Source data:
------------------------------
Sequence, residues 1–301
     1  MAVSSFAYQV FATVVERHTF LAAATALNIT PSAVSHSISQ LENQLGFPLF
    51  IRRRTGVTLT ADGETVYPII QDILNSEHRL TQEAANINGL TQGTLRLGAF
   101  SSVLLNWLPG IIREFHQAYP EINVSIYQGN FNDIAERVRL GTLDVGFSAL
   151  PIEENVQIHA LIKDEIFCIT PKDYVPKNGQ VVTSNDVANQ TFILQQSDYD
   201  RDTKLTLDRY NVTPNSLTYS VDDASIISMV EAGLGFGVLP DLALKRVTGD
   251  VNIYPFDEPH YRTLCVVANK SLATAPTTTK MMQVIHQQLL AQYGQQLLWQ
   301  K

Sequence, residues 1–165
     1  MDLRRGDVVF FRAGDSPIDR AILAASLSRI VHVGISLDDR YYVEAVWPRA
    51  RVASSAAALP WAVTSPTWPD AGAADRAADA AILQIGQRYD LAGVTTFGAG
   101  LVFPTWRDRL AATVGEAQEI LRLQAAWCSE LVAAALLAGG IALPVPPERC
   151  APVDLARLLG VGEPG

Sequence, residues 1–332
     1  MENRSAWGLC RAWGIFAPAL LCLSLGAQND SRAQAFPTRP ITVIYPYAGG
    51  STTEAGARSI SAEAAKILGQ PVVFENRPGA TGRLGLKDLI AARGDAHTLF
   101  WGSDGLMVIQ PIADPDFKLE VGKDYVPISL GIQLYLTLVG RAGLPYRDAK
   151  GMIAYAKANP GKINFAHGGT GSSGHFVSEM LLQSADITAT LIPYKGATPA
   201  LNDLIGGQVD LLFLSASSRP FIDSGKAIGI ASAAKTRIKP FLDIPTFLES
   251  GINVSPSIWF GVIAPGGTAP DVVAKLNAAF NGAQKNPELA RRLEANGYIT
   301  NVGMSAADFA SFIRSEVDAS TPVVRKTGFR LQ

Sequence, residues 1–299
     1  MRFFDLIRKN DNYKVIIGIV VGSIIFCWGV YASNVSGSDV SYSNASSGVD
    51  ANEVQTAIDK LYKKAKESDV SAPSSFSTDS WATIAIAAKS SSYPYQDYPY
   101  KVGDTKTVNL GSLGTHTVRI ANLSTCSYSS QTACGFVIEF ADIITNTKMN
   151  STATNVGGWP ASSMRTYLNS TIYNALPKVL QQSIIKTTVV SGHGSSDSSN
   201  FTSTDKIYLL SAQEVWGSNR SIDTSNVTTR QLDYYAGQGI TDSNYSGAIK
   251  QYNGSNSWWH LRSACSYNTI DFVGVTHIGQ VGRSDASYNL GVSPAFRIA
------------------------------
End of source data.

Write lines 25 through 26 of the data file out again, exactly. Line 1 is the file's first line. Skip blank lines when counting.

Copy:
   101  KVGDTKTVNL GSLGTHTVRI ANLSTCSYSS QTACGFVIEF ADIITNTKMN
   151  STATNVGGWP ASSMRTYLNS TIYNALPKVL QQSIIKTTVV SGHGSSDSSN